And I agree. Not everything has to be fluffy finish, nor straight forward right or wrong. I agree good guys can make choices that cross lines of morality, that may cost them what others are not willing to give (ie- friendship, trust whatever, if Kupp ever finds out), but I also feel that they should be able to grow to see things differently, to find logic in a perspective that they found illogical before based on new information.

I don't want flower picking patsy Autobots. I want characters to evolve make choices, and be used for more than just the background, or to give orders. Let us know a little more about, how or why, they act, or make choices that they do.

I really look forward to your thoughts POST reading this issue, and of course, Wreckers.
Re: "Logic is the ultimate weapon."- Transformers Spotlight Prowl Review (1066547)
Posted by Jeysie on April 21st, 2010 @ 10:24am CDT
Well, now I'm just confused, as your comments here and in the other thread seem to be completely opposite from what you've been saying so far. So... *shrug*

tigertracks 24 wrote:I really look forward to your thoughts POST reading this issue, and of course, Wreckers.

And I'll give them. Hopefully it doesn't take me a blasted week to get a copy from IDW's store like it took me last month to get Wreckers #3. :P

Featured Products on Amazon.com

Buy "Transformers Authentics Starscream" on AMAZON
Buy "Transformers: Bumblebee -- Energon Igniters Nitro Series Barricade" on AMAZON
Buy "Transformers Authentics Bumblebee" on AMAZON
Buy "Transformers: Generations Power of The Primes Legends Class Roadtrap" on AMAZON
Buy "Transformers Generations Power of The Primes Deluxe Class Dinobot Snarl" on AMAZON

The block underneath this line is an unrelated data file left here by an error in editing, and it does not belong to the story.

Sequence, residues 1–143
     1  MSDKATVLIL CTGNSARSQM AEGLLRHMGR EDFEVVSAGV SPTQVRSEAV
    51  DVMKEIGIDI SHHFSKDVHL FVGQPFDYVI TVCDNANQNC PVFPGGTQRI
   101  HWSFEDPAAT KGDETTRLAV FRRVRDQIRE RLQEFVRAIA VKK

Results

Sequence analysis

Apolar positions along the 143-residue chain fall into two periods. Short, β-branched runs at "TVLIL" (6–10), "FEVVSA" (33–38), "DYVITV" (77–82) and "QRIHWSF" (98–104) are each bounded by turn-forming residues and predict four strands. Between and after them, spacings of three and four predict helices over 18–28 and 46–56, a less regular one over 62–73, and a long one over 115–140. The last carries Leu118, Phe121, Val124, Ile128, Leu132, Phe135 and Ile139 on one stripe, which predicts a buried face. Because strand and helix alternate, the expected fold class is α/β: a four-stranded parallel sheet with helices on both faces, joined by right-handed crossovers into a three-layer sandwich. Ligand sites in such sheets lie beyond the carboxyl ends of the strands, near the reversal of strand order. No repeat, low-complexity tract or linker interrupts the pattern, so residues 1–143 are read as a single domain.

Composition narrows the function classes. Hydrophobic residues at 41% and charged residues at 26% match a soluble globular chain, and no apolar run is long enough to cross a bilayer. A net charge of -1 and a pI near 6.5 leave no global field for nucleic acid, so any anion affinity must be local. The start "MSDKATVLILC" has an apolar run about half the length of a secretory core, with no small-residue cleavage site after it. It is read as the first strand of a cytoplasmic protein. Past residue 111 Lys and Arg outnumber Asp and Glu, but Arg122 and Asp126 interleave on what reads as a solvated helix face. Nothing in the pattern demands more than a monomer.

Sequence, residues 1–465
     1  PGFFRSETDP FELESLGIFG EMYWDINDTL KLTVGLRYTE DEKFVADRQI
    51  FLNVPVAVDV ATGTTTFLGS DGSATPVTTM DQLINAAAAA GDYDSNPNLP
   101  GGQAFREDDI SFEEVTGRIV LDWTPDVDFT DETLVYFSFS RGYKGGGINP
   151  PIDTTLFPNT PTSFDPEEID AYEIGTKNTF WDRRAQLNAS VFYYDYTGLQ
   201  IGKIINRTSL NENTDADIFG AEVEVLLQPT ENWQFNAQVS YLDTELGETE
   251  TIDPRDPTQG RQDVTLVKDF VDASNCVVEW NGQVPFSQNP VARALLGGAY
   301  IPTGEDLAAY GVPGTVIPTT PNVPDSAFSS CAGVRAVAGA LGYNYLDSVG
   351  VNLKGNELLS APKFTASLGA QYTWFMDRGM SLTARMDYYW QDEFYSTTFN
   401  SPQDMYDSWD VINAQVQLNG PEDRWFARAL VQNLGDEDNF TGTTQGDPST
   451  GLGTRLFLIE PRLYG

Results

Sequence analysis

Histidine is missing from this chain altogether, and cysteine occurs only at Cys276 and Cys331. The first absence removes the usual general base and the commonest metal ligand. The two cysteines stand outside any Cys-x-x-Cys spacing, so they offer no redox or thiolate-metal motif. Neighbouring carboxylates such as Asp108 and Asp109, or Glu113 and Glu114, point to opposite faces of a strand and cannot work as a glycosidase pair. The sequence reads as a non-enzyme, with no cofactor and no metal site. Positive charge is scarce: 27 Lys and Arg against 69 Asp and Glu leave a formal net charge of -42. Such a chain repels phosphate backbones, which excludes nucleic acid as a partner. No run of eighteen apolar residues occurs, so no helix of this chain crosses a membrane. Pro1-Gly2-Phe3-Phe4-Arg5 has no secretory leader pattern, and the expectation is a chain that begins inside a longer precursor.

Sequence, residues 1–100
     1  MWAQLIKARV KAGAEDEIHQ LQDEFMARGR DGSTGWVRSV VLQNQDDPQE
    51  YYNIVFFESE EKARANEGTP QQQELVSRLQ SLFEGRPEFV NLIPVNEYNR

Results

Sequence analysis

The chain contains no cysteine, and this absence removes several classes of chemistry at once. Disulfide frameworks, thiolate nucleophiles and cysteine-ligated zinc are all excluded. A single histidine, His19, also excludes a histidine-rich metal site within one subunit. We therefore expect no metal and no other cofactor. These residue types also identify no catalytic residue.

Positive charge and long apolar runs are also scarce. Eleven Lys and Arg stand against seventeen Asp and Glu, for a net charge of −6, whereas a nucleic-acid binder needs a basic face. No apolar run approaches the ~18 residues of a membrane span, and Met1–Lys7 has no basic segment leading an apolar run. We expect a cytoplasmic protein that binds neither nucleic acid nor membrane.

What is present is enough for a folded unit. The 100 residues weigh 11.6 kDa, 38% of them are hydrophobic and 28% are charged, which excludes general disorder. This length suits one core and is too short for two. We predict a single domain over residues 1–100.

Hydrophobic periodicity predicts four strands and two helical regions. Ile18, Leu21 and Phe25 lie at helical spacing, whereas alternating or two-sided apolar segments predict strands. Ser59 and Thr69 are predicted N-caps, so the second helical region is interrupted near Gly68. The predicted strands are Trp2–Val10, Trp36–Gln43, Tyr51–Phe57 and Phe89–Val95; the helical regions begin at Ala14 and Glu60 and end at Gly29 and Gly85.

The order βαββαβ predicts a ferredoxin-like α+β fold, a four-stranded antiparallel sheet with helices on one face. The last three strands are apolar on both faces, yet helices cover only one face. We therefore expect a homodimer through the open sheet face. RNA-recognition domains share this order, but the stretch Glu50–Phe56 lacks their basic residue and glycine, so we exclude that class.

Buy "Transformers: Generations Power of The Primes Leader Evolution Rodimus Prime" on AMAZON
Buy "Transformers: Bumblebee -- Energon Igniters Nitro Series Optimus Prime" on AMAZON
Buy "Transformers Generations Combiner Wars Computron Collection Pack" on AMAZON
Buy "Transformers: The Last Knight 1-Step Turbo Changer Cogman" on AMAZON
Buy "Transformers Generations Combiner Wars Deluxe Class Mirage Figure" on AMAZON
Buy "Transformers: Bumblebee -- Energon Igniters Speed Series Barricade" on AMAZON
Buy "Transformers Generations Combiner Wars Deluxe Class Prowl Figure" on AMAZON
Transformers Podcast: Twincast / Podcast #267 - Netflix Earthrise Reviewed
Twincast / Podcast #267:
"Netflix Earthrise Reviewed"
MP3 · iTunes · RSS · View · Discuss · Ask
Posted: Monday, December 28th, 2020

New Items on eBay

Buy "Transformers RID Mini-Con Deployer Jetstorm For Blizzard Strike Drift" on EBAY
Buy "WFC-E40 BATTLE SQUAD Transformers Earthrise Micromasters Direct-Hit Power Punch" on EBAY
Buy "Transformers SOUNDBLASTER Siege War for Cybertron MISB Walmart Exclusive Netflix" on EBAY
Buy "Transformers SHATTER SS 40 Studio Series from the Bumblebee Movie" on EBAY
Buy "Transformers Movie 6 Bumblebee Energon Igniters Bumblebee + shatter--new" on EBAY
Buy "Transformers War for Cybertron Earthrise - Direct-Hit & Power Punch [WFC-E18]" on EBAY
Buy "Transformers thrilling 30 springer" on EBAY
Buy "Transformers Powertrain & Highjump Siege War for Cybertron Micromaster 2018 MISB" on EBAY